Black birders harness social media to push for field safety

Read the full story from WUNC.

Lockdowns caused by the COVID-19 pandemic motivated some people to pick up new hobbies, like baking or knitting. Lauren Pharr turned to bird blogging.

“[I was] in my house, just twiddling my thumbs,” Pharr said. “I was just kind of like, ‘Oh, let’s start a blog and start sharing all of my birding info’.”

Pharr is a PhD student and avian ecologist at North Carolina State University pursuing a degree in fisheries, wildlife and conservation biology. During lockdown, she started blogging about her research, which investigated the impacts of light and noise pollution on bird survival.

“There were a ton of people who would reach out to me to say, ‘Wow, I never knew how light pollution could impact birds,’ and wanting to know how to fix these environmental issues,” Pharr said. “That’s like the icing on the cake right there, because it lets me know you’re wanting to fix this problem. You’re wanting to be part of the solution.”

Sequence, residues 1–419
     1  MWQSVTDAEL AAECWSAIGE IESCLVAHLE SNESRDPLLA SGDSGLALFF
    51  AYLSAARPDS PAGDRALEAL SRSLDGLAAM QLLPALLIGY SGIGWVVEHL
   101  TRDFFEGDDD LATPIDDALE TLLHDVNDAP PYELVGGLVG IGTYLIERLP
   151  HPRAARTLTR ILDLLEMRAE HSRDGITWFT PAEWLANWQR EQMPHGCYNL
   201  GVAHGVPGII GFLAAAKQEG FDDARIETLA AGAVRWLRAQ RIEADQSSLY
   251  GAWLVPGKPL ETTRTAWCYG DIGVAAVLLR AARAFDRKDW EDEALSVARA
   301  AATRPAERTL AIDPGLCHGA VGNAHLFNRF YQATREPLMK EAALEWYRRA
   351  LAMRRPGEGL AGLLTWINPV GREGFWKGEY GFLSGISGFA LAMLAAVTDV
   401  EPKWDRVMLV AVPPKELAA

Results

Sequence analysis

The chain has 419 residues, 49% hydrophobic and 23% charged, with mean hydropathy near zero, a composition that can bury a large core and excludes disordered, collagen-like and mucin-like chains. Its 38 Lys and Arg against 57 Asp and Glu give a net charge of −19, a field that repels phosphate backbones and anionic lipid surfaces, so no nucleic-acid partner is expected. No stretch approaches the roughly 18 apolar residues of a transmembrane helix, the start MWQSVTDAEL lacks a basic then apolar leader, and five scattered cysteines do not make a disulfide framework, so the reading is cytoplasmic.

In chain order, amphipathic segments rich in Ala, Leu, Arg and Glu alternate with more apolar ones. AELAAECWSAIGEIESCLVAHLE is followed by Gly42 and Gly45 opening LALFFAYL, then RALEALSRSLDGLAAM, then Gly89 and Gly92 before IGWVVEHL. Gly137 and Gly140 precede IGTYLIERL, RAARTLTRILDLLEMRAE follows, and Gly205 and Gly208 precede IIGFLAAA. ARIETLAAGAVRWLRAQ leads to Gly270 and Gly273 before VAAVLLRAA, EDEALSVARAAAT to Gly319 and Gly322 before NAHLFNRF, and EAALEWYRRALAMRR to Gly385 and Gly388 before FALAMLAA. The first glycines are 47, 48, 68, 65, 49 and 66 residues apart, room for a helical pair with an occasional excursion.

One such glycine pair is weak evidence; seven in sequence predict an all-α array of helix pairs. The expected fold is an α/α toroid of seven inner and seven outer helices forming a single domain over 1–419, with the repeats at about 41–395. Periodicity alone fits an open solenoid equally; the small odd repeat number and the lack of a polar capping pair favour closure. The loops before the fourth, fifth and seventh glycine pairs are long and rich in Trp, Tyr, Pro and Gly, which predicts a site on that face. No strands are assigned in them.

A year later, Pharr posts regularly on her Instagram and Twitter accounts about birding. She is an intern with the North Carolina Sea Grant and has written several blog posts for The Nature Conservancy’s Cool Green Science series.

But as a Black birder, science communication has grown to be about more than sharing research for Pharr. It’s also about visibility: letting her roughly 6,000 Twitter followers and 6,000 Instagram followers know about her experiences as a Black birder, and the ground that remains to be covered when it comes to keeping her safe in the field.

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